‘Whenever a journalist makes a misstep, I think that they are put on notice now that the FBI and the Department of Justice are going to go after them on administration’s behalf.’
While she was not at liberty to discuss the specifics of the investigation, she indicated that it also was a probe of Assange and WikiLeaks’ actions in 2010.
The US Justice Department has asked Britain to extradite Assange to stand trial in the United States for ‘conspiracy’ in advising Manning on breaking into a restricted US government computer.
Assange, now committed to a British prison for a year and also facing an extradition effort from Sweden, asserts that he is a journalist with the right to publish purloined secrets.
Manning, a transgender woman whom supporters call a whistleblower, said the new grand jury case is meaningless since the Justice Department already unveiled its charges against Julian Assange (pictured in April)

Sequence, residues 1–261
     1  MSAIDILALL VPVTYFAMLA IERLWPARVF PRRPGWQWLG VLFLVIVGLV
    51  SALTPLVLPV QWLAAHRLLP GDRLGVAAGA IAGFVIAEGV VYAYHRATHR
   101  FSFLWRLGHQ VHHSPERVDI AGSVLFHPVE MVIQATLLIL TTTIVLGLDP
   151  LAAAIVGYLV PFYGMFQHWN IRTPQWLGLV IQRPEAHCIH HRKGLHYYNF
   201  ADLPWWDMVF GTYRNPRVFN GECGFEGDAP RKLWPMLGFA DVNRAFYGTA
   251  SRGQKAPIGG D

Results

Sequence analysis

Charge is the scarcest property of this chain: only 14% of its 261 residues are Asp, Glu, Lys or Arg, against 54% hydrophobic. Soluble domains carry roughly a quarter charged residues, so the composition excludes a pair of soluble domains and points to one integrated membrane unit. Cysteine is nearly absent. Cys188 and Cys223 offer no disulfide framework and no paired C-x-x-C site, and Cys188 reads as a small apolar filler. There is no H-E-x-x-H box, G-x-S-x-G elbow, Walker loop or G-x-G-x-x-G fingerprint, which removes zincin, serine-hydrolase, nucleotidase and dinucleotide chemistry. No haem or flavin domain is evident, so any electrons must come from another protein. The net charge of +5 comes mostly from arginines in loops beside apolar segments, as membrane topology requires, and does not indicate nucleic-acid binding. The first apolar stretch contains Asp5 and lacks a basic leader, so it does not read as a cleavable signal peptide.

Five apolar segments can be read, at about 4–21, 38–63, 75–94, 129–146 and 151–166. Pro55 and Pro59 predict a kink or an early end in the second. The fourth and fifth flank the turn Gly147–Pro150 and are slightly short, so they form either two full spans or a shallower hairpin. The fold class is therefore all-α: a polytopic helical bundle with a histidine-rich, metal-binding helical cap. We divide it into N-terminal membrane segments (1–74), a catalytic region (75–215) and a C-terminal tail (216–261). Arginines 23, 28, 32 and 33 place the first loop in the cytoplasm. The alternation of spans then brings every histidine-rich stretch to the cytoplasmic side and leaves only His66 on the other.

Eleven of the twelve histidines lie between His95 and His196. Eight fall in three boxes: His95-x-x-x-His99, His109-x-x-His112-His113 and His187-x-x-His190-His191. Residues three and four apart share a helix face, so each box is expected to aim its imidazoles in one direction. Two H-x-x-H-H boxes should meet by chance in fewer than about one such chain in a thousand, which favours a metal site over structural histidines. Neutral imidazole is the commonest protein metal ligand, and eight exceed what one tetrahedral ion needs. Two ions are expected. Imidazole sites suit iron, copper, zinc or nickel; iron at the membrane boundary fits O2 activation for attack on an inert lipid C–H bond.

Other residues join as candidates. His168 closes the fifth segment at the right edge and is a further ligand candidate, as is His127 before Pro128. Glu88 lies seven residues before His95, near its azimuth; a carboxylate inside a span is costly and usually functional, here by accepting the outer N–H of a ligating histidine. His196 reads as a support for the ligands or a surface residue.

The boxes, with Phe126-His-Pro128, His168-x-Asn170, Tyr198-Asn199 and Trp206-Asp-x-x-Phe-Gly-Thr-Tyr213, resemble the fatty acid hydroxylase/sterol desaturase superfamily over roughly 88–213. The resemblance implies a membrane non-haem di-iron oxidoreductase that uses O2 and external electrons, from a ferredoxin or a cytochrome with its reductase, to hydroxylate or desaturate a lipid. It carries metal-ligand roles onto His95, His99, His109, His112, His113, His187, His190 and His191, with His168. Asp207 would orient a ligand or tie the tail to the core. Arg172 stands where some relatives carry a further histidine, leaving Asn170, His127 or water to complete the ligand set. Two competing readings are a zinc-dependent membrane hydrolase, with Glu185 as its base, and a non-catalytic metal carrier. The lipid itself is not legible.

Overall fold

Manning, a transgender woman whom supporters call a whistleblower, said the new grand jury case is meaningless since the Justice Department already unveiled its charges against Assange.
‘The case doesn’t make sense, it’s very bananas,’ she said. ‘Ultimately this is an attempt to place me back into confinement.’
Manning served seven years in a military prison after being convicted by court martial under the Espionage Age for leaking more than 700,000 classified documents to WikiLeaks.
The documents exposed cover-ups of possible war crimes and revealed internal US communications about other countries.
Sentenced in 2013 to 35 years in prison, she was released in May 2017 after the commutation of her sentence by Obama.
Assange was removed from the Ecuadorian Embassy in London in April, where he had been seeking asylum for seven years. He was arrested for a long-standing charge of skipping bail related to Swedish sexual assault charges.